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Sustainability Agreements and Competition Law

With growing emphasis on environmental, social, and governance (ESG) objectives in the business world, competition law is evolving to facilitate cooperation among competitors to promote these goals. The European Commission released revised guidelines on horizontal cooperation agreements on June 1, 2023, including a dedicated section on sustainability agreements. The UK's Competition and Markets Authority (CMA) also released draft guidance on environmental sustainability agreements. Some agreements aim to reduce greenhouse gas emissions, while others have broader sustainability objectives. Companies contemplating sustainability agreements can seek informal guidance from authorities to ensure compliance with competition rules.

 

The interplay between competition law and sustainability goals has raised questions about the need for reform. While competitive markets promote innovation, sustainability-focused practices can involve first-mover disadvantages. To address this, companies may collaborate with competitors, raising competition law concerns. These European Union guidelines provide a framework for companies to assess their agreements' compliance with competition law while emphasizing variations in approach among competition authorities.

 

The definition of sustainability agreements varies. The Commission's broad definition encompasses activities supporting economic, environmental, and social development, including labor and human rights.

 

Concerns arise when companies collaborate on sustainability goals without legal certainty regarding competition law's application. The Commission's Guidelines allow businesses to seek informal guidance, promoting compliance with EU competition rules.

 

Assessment of sustainability agreements depends on whether they affect competition parameters. Sustainability agreements that do not impact competition parameters like prices or innovation generally fall outside the scope of competition law. Sustainability agreements that negatively impact competition parameters are assessed under competition law, with safeguards to differentiate legitimate sustainability agreements from anti-competitive ones.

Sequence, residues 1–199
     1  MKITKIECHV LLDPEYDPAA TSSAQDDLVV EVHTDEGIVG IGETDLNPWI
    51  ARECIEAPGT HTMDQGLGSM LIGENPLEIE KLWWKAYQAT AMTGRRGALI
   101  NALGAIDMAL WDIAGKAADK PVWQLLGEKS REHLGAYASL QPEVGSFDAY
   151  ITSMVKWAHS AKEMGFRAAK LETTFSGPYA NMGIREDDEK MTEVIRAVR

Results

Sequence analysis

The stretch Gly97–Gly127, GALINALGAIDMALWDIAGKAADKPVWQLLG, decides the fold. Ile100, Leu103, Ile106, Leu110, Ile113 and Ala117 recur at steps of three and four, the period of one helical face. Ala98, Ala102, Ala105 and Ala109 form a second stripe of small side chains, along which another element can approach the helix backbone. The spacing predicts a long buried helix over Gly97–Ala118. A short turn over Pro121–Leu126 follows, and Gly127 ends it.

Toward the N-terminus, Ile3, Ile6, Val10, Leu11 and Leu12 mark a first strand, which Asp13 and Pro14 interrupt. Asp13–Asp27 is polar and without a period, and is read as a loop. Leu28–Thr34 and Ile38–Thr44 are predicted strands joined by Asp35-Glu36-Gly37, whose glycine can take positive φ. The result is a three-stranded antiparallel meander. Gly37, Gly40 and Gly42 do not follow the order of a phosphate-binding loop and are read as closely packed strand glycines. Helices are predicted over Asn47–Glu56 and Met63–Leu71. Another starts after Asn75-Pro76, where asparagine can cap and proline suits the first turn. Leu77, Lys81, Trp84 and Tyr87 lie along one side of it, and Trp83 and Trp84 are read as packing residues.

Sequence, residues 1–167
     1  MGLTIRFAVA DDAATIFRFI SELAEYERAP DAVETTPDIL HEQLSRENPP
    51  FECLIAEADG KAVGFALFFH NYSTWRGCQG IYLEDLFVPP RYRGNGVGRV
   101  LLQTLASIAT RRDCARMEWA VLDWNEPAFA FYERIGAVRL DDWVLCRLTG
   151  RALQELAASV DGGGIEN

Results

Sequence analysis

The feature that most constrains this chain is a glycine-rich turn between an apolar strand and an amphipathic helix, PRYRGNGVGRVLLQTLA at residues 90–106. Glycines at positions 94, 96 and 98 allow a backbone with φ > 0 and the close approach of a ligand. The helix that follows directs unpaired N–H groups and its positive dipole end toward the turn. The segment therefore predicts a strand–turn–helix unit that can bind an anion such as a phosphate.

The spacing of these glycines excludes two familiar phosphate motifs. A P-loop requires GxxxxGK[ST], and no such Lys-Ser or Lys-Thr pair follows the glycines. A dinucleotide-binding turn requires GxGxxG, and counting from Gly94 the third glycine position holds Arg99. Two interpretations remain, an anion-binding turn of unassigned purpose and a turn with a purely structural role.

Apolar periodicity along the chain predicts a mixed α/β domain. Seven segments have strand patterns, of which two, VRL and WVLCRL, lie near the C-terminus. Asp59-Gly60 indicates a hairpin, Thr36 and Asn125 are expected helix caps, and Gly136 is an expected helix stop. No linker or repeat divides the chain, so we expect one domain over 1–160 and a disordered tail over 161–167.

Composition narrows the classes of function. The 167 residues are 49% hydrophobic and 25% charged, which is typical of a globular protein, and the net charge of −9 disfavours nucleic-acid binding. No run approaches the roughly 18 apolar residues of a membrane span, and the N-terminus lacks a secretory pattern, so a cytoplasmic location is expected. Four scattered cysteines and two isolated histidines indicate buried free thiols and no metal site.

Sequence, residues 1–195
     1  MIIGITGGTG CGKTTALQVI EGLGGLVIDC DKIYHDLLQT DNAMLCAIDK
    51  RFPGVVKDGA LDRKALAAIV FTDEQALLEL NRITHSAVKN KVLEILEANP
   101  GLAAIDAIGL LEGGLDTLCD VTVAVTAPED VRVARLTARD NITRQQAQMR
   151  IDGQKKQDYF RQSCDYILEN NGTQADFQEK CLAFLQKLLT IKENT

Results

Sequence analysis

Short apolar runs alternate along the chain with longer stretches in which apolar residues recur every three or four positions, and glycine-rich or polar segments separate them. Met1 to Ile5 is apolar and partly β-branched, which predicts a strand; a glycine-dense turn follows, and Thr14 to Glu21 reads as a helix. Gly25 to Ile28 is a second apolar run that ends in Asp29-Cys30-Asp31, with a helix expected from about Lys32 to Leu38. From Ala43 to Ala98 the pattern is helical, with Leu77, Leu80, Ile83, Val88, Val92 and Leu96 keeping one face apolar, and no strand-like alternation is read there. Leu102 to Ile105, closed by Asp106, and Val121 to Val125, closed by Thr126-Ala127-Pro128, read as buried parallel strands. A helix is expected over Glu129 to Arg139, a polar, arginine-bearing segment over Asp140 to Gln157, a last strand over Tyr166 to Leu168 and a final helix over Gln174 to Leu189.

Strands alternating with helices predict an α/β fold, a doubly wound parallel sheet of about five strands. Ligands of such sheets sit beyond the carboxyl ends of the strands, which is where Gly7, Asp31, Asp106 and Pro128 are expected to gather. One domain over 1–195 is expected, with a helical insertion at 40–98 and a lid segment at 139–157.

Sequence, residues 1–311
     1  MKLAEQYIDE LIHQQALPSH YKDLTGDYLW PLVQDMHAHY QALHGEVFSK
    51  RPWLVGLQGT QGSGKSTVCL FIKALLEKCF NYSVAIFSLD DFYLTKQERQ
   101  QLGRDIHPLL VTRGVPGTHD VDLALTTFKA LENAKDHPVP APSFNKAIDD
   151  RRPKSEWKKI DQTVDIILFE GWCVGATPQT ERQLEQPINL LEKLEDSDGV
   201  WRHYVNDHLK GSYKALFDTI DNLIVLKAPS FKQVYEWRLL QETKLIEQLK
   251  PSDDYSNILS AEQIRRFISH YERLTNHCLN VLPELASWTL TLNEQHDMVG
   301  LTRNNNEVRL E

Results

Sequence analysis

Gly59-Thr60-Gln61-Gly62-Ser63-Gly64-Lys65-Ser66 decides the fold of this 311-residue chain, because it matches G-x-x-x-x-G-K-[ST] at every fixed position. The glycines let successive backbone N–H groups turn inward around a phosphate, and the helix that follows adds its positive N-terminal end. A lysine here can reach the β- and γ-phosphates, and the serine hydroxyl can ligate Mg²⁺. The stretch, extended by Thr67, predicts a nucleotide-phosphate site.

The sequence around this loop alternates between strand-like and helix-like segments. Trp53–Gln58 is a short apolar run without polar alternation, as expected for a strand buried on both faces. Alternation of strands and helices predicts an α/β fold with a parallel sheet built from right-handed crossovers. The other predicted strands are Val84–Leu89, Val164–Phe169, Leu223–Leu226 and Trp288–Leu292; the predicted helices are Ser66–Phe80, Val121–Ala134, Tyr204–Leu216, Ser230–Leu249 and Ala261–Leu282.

Sustainability agreements can also be assessed under Article 101(3) TFEU to determine whether they benefit consumers. However, assessing these agreements has been challenging because benefits often accrue to society rather than specific consumers.

 

Sustainability agreements should not be used to mask anti-competitive practices such as price-fixing or market sharing. The new Guidelines set out criteria for assessing their compatibility with competition law.

 

Various industries, particularly industrial, energy, and agriculture sectors, are impacted by these Guidelines, as sustainability agreements can enhance environmental standards, reduce pesticides, improve animal welfare, and promote sustainable mobility.

 

The Guidelines underscore that sustainable development is a priority objective for the EU, aligning with the United Nations Sustainable Development Goals (SDGs). They offer the possibility to exempt sustainability agreements from the prohibition of horizontal agreements under Article 101 TFEU.

 

Global antitrust authorities are increasingly assessing the environmental impact of cooperation agreements between competitors under existing competition law. The European Commission's Guidelines introduce a new chapter dedicated to sustainability agreements, positioning them within the realm of traditional horizontal agreements.

 

In conclusion, competition law is adapting to accommodate sustainability cooperation, emphasizing non-monetary benefits as part of compliance. This evolving landscape will likely play a significant role in promoting responsible business conduct.


About the author: Sinéad Leahy is a Trainee Solicitor with Dermot G. O’Donovan Solicitors.

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